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Ravenous Invasive Worm Now in U.S.
Bob Grant | Jun 25, 2015
Researchers have found the New Guinea flatworm, one of the world’s most invasive species, in Florida, putting native ecosystems at serious risk.
Climate Change Speeds Extinctions
Kerry Grens | May 3, 2015
Species die-offs are expected to accelerate as greenhouse gases accumulate, according to a meta-analysis.
Bees Drawn to Pesticides
Kerry Grens | Apr 24, 2015
One study shows the insects prefer food laced with pesticides, while another adds to the evidence that the chemicals are harmful to some pollinators.
Bob Grant | Mar 1, 2015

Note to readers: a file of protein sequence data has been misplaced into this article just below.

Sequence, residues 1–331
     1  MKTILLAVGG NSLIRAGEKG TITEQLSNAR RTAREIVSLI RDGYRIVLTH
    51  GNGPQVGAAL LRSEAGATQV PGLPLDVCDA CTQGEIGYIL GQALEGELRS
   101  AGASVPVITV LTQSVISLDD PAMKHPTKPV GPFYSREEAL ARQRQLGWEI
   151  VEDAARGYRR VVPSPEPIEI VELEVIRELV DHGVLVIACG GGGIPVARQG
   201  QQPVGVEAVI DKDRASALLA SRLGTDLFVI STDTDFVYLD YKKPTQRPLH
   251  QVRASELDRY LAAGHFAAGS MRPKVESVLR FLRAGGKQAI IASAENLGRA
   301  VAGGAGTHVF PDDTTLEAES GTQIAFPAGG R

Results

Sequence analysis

Evolving Ourselves, The Man Who Touched His Own Heart, Bats
Jyoti Madhusoodanan | Jan 1, 2015
Chinese farmers’ efforts at rearing wild animals may benefit conservation and reduce human health risks.
Bats Make a Comeback
Molly Sharlach | Dec 22, 2014
Citizen-scientist data obtained through the U.K.’s National Bat Monitoring Programme show that populations of 10 bat species have stabilized or are growing.
Along Came a Spider
Jef Akst | Dec 1, 2014
Researchers are turning to venom peptides to protect crops from their most devastating pests.
A Race Against Extinction
A. Marmaduke Kilpatrick | Dec 1, 2014
Bat populations ravaged; hundreds of amphibian species driven to extinction; diverse groups of birds threatened. Taking risks will be necessary to control deadly wildlife pathogens.
Virus May Explain “Melting” Sea Stars
Molly Sharlach | Nov 19, 2014
Researchers discover a densovirus that is associated with sea star wasting disease.
Hairy Situation for Wolves
Molly Sharlach | Nov 16, 2014
Researchers find high stress hormone levels in the hair of hunted wolves in Northern Canada.